From the Headlines: Gasoline Prices Rise for 32 Days Straight, Hit American Families at Worst Possible Time
February 19, 2013
Yesterday marked 32 days in a row of increased gasoline prices, a 13 percent jump, according to the Automobile Association of America (AAA), which estimates the national average for a gallon of regular gasoline is $3.74. When President Obama took office in January 2009, the average price for gallon of gasoline was $1.84. Since taking office, President Obama has prevented new American energy production that could help alleviate rising gasoline prices.
The Obama Administration has blocked oil and natural gas production on 85 percent of America’s offshore areas, canceled onshore oil and natural gas lease sales, slowed approval of permits to drill by 30 percent, delayed construction of the Keystone XL pipeline, hindered production of 1.3 trillion barrels of oil shale, and prevented energy production in the National Petroleum Reserve-Alaska and ANWR.
House Natural Resources Republicans have offered real solutions to help bring down gasoline prices create jobs and grow the economy.
Take a look at what they are saying around the country as gasoline prices spike:
- “[Gasoline prices are] hitting wallets right in the middle of winter, when people are already looking at large home heating bills. And it comes just after many Americans have been hit with smaller paychecks, and are worried about looming budget cuts that could deliver an even deeper blow.” (CNN Money, February 18)
- “Patrick DeHaan, an analyst with the website, said many cities have seen increases of 8 cents to 20 cents in just the past week…He said his firm's unscientific user surveys suggest that the pinch at the pump could lead to less travel over spring break in March and April and changes in plans for Memorial Day and even the summer.” (NBC News, February 18)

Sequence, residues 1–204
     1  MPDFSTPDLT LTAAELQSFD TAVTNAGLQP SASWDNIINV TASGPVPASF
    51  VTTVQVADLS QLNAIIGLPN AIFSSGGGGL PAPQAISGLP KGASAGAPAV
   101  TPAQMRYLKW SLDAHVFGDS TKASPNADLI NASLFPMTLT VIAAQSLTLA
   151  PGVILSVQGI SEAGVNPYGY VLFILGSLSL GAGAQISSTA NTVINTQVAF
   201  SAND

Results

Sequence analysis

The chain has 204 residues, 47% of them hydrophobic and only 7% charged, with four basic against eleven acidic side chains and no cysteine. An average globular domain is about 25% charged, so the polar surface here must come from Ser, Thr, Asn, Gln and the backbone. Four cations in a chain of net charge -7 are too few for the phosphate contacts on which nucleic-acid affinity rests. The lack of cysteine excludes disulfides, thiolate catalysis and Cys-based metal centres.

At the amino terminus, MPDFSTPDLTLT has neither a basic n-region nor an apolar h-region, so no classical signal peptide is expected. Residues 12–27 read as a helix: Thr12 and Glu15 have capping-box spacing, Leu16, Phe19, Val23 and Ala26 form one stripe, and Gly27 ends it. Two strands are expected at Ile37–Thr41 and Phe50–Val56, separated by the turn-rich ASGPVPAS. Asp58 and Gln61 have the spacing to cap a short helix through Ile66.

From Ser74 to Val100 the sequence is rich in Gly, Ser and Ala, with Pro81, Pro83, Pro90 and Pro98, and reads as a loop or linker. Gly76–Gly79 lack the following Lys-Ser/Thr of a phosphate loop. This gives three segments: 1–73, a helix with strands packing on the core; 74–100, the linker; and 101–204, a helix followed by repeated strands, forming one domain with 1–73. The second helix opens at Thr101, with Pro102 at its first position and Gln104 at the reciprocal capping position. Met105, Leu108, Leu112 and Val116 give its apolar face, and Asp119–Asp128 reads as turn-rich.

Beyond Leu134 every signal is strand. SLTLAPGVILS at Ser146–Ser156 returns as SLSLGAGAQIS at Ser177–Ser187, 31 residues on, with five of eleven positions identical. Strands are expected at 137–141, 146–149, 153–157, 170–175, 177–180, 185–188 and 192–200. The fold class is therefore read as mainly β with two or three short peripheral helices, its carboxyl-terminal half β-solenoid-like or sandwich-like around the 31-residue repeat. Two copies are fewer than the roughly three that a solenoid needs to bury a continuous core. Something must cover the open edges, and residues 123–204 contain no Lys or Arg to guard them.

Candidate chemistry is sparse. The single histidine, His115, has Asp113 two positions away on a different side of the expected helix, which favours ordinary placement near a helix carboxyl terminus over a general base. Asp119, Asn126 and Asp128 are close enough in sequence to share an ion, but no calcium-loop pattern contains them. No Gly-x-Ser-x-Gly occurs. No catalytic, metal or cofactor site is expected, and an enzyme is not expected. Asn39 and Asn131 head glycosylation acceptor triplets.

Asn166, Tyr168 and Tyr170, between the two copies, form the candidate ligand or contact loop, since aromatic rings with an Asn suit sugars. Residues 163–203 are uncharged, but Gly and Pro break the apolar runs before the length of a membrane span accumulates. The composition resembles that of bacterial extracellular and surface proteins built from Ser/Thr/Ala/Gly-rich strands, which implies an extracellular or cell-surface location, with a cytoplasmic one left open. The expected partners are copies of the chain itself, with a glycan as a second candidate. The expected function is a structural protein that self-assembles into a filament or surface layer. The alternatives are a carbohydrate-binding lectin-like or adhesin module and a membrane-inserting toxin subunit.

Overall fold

- “In California, the state with one of the largest Latino populations, the gasoline average is at a national high at $4.17 a gallon. This news hits Latinos especially hard, not only because they are more dependent on gasoline for employment – like construction jobs and landscaping work – but also because the group is still experiencing higher unemployment than most, experts say.” (Fox News Latino, February 19)
- “The rapid rise in gas prices has become a growing problem for the economy and stock market…Gas prices usually start to rise at this time of year as refineries prepare for reformulated summer gas. But the gas price increase is larger and the change is earlier than normal.” (ABC News, February 19)
- “Gasoline prices rose to a near four-month high in the U.S. Tuesday, fueled by a number of refinery closures…About one million barrels per day of refining capacity has been taken off line…” (CNBC, February 19)